GENEVA (Reuters) - Twenty million jobs will disappear by the end of next year as a result of the impact of the financial crisis on the global economy, a United Nations agency said on Monday.
Construction, real estate, financial services, and the auto sector are most likely to be hit, according to the International Labour Organisation’s (ILO) estimate, which is based on International Monetary Fund projections for the world economy.
The toll on jobs could be even higher if IMF economic projections are cut, said ILO Director-General Juan Somavia.
“We have to talk about the financial crisis in terms of what happens to people and what happens to jobs and enterprises,” he told reporters.
Somavia said the ILO, which brings together governments, employers and workers, wanted to steer discussions about the resolving the crisis toward job creation and other steps to promote the “real economy.”
“It would be tragic to respond to a sub-prime crisis with sub-prime policies,” he said.
The ILO does not yet have a regional breakdown of projected job losses, which Somavia said would take global unemployment to 210 million in late 2009 from 190 million last year, the first time it has topped 200 million.
But countries with large domestic markets that do not depend heavily on exports would be able to weather the crisis better, he said, citing as an example China, where exports make up only 11 percent of the economy.
It was alarming that global unemployment had stayed at the same levels despite the strong economic growth seen between 2002 and 2007, said Somavia, who files to New York this week for talks with the heads of all U.N. agencies, chaired by U.N. Secretary-General Ban Ki-moon.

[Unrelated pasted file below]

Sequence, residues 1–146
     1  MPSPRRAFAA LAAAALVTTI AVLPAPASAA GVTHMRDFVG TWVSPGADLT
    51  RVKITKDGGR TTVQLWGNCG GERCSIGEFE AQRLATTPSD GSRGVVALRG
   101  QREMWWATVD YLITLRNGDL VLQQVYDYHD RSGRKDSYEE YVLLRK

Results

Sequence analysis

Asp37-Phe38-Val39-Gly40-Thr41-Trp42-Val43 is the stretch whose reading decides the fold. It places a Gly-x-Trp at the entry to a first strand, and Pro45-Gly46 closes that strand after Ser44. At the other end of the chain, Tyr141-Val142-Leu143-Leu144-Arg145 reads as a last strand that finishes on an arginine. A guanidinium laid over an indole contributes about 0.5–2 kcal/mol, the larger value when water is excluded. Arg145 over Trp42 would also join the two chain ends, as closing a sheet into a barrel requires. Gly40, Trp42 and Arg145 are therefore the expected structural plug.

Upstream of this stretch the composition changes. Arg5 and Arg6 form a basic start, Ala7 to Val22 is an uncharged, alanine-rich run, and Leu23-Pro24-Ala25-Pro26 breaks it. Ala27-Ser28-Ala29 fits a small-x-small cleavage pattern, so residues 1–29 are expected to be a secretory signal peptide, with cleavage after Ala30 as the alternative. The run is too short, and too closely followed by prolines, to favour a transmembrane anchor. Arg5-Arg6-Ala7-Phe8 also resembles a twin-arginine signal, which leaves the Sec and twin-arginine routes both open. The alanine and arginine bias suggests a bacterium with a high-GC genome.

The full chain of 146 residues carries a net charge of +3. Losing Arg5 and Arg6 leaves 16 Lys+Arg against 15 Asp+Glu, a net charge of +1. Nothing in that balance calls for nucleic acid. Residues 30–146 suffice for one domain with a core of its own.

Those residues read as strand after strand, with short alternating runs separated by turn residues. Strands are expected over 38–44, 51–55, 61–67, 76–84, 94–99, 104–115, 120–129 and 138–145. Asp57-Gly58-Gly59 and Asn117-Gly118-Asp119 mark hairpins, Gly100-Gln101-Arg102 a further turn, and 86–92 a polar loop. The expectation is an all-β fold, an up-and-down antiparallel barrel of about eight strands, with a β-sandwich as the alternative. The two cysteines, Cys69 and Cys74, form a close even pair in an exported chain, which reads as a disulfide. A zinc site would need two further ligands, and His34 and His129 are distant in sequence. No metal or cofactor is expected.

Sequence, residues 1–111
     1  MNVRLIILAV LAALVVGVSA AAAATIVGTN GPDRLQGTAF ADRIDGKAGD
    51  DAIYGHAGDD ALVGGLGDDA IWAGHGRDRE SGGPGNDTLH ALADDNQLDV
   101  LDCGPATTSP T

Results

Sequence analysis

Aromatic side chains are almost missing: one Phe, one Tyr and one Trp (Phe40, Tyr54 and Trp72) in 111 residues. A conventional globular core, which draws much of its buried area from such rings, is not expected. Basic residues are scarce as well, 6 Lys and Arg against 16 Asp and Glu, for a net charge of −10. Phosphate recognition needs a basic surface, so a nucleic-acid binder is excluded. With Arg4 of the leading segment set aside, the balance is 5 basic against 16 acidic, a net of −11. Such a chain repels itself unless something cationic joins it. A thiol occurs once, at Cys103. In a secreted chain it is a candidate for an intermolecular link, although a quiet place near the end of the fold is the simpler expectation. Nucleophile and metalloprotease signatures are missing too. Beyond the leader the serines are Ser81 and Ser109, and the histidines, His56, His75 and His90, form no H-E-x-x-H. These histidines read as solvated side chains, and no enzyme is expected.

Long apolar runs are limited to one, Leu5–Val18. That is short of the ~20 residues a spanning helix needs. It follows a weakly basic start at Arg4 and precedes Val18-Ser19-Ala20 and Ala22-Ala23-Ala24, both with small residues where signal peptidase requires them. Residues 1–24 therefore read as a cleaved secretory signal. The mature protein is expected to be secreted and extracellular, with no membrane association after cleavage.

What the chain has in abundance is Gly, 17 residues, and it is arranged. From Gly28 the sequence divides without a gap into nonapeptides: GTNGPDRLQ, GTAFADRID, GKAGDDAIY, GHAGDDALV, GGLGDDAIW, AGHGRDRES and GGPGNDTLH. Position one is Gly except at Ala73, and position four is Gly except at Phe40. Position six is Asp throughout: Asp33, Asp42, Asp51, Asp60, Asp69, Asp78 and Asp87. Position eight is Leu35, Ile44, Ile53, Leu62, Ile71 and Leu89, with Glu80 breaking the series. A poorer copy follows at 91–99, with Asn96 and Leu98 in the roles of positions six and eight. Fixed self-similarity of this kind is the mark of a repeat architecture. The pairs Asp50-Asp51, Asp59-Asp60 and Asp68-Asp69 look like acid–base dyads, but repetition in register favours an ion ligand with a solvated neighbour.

He said resources should be pumped into the economy to stave off or mitigate recession, concentrating on employment-intensive sectors including small enterprises. The financial sector should also be steered back to its fundamental function of lending to entrepreneurs, according to the Chilean lawyer and diplomat.
Somavia said the financial sector’s share in the profits of U.S. companies had risen to 41 percent last year from 5 percent in 1980. As a result, banks preferred to invest in financial transactions rather than lending to other productive sectors.
“So this system began to siphon off resources from the real economy process,” he said.
And listed non-financial companies came under pressure to match the returns of the financial sector, forcing them to cut costs — often by freezing salaries or laying off staff — rather than making long-term investments.
“From one point of this view this is called productivity increases. From a more profound point of view it means a worker becomes a commodity,” he said.
Editing by Keith Weir